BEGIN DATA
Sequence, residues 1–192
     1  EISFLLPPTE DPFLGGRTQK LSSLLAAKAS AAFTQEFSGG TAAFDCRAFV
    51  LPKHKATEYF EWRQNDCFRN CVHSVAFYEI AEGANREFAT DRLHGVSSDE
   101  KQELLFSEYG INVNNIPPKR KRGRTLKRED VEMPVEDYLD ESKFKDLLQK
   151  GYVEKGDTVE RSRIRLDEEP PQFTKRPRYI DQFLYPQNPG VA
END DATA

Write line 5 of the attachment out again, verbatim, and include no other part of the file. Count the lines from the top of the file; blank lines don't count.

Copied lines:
   151  GYVEKGDTVE RSRIRLDEEP PQFTKRPRYI DQFLYPQNPG VA